Microsoft joins Goodwill recycling program

Microsoft joins Dell in making Goodwill a nationwide repository for free electronics recycling through its Reconnect program.

Reconnect Partnership

Microsoft announced Wednesday its joining Dell and Goodwill Industries International in their ongoing recycling program.

Goodwill, in addition to being a used clothing and furniture repository and store, is also a place where people can drop off their old electronics.

Through a program started in partnership with Dell in 2004 called Reconnect, participating Goodwill centers allow people to drop off their used computers and related peripherals to be recycled for free.

You can now add Microsoft products like Zunes and Xboxes to the list of electronic items Goodwill accepts.

The program is not completely convenient as there are many states in the U.S. that don't have participating Reconnect locations. (The closest one to me is more than 30 miles away.) But it does offer 1,900 Reconnect Goodwill drop-offs in the U.S. and in early April expanded to include drop-offs in Ontario and Quebec, Canada.

The electronics are evaluated by Goodwill employees. Viable electronics are resold, those in need of repair or beyond repair are sent out to be refurbished or broken down and recycled.

While the intentions are good and the program claims to have "diverted more than 96 million pounds of e-waste from landfills" since inception, it's dubious how successful it can be in motivating people to drop off their stuff.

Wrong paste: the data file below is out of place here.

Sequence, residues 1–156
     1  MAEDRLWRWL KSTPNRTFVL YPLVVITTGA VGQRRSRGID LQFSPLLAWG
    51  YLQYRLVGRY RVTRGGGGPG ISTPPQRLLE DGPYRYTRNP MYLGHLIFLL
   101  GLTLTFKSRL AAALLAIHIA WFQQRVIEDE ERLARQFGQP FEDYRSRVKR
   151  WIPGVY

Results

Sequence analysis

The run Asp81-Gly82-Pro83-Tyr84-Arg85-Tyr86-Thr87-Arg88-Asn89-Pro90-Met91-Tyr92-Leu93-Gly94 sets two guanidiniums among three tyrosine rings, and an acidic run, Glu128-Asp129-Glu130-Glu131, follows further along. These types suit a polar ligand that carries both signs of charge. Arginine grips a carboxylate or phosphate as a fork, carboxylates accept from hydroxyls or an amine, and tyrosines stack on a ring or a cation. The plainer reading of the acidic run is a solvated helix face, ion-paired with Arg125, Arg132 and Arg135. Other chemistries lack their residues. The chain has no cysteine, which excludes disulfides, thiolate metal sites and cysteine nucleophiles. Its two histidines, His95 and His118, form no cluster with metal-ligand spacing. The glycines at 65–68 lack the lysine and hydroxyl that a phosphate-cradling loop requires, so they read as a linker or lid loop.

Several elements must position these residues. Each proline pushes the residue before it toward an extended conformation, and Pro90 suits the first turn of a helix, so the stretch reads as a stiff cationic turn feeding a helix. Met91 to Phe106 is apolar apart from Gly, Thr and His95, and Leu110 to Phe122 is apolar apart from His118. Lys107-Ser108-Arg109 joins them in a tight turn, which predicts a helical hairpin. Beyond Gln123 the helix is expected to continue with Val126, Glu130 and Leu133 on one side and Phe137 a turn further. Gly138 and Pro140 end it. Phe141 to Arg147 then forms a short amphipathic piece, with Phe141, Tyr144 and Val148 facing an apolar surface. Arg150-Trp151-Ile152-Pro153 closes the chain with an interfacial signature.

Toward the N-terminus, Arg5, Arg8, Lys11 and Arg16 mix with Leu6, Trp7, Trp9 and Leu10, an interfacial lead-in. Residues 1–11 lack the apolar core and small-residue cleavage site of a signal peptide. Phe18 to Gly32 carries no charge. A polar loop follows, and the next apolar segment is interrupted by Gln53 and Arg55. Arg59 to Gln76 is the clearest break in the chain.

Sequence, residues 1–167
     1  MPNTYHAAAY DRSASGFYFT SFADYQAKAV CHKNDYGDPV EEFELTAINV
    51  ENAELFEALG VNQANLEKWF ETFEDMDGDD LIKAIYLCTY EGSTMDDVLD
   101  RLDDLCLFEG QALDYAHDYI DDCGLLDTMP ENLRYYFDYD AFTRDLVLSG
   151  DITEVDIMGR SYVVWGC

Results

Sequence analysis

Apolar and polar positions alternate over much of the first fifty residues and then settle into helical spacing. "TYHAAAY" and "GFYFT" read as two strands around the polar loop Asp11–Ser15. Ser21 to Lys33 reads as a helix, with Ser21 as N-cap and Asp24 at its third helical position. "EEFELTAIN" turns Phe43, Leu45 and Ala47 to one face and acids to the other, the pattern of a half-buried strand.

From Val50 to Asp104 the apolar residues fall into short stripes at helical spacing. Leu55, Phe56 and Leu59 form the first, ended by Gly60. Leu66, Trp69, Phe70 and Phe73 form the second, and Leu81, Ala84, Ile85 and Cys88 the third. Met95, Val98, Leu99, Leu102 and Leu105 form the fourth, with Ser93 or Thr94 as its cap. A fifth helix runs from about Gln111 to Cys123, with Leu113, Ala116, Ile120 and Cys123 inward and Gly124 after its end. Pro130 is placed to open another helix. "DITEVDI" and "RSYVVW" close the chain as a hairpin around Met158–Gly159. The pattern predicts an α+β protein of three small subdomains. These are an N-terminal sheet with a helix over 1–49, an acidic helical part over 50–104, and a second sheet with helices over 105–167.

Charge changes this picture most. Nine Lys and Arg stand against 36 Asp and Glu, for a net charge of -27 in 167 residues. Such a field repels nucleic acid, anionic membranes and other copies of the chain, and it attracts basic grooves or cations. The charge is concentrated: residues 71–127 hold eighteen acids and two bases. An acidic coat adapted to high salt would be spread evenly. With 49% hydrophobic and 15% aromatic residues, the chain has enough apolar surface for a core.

A recent electronics recycling poll conducted by Pike Research found that the average consumer has 2.8 pieces of electronics junk stashed somewhere in their home, and that 35 percent of consumers believe there should be curbside pick-up service along with their regular trash.

Still, if you have a Reconnect Goodwill nearby, it may be one of the best e-waste recycling options available if your old e-waste product doesn't qualify for a rebate program like the online HP Consumer Buyback program . Staples offers free recycling of keyboards, mice, speakers, and Dell products, and $3 coupons in exchange for used ink cartridges. But it charges a $10 fee for "all other brands of computer monitors, desktop and laptop computers, printers, scanners, all-in-ones and fax machines." Office Depot offers all-you-can-fill recycling boxes that come in $5, $10, and $15 options. Dell also offers a free pick-up option through its Dell PRP Recycling Program in conjunction with FedEx.

As for Apple users looking to recycle, your options are free take-back when you buy your next Apple product, free recycling and drop-off options in select states, or a $30 fee for the mail-in program.

As always, all consumers should remember to wipe hard drives clean before unleashing their old tech to the world.

Updated 10:30 a.m. PDT: New info included concerning Dell's free pick-up option.

About the author

In a software-driven world, it's easy to forget about the nuts and bolts. Whether it's cars, robots, personal gadgetry or industrial machines, Candace Lombardi examines the moving parts that keep our world rotating. A journalist who divides her time between the United States and the United Kingdom, Lombardi has written about technology for the sites of The New York Times, CNET, USA Today, MSN, ZDNet, Silicon.com, and GameSpot. She is a member of the CNET Blog Network and is not a current employee of CNET.

 

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